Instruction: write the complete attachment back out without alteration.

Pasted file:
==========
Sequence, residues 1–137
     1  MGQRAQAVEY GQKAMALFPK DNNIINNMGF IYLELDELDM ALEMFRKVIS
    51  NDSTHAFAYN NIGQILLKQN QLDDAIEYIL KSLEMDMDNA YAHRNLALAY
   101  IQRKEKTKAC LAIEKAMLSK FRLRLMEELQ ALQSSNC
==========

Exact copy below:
Sequence, residues 1–137
     1  MGQRAQAVEY GQKAMALFPK DNNIINNMGF IYLELDELDM ALEMFRKVIS
    51  NDSTHAFAYN NIGQILLKQN QLDDAIEYIL KSLEMDMDNA YAHRNLALAY
   101  IQRKEKTKAC LAIEKAMLSK FRLRLMEELQ ALQSSNC